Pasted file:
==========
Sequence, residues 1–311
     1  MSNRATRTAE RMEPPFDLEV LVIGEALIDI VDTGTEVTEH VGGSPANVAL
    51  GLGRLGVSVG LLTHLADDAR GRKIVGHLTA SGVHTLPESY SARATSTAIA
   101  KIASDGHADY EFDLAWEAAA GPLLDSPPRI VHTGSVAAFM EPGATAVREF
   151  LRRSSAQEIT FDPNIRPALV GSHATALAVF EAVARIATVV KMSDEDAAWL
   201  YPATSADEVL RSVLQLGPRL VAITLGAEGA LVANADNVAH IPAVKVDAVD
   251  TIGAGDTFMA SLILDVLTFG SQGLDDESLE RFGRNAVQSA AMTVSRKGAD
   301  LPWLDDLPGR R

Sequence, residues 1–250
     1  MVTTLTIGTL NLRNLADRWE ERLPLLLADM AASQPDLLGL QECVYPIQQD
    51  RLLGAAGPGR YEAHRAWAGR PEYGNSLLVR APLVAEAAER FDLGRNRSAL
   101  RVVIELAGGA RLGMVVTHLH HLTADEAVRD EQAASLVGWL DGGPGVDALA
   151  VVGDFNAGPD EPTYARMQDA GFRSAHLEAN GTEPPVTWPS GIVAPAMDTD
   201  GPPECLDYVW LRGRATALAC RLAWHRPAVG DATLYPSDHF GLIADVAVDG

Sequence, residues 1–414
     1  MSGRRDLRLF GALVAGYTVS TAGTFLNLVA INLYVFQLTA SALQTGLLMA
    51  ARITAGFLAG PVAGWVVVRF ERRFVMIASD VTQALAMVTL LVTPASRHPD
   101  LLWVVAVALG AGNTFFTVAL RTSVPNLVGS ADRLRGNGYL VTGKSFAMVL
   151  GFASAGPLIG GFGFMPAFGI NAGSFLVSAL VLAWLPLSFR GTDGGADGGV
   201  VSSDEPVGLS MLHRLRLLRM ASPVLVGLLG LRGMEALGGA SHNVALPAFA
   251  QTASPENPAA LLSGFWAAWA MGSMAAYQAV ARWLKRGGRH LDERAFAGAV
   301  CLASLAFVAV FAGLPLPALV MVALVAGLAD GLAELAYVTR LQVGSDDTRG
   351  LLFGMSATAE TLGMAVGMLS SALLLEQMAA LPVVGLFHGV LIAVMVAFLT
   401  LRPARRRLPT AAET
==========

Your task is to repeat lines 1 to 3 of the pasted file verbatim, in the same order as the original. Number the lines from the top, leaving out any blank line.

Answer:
Sequence, residues 1–311
     1  MSNRATRTAE RMEPPFDLEV LVIGEALIDI VDTGTEVTEH VGGSPANVAL
    51  GLGRLGVSVG LLTHLADDAR GRKIVGHLTA SGVHTLPESY SARATSTAIA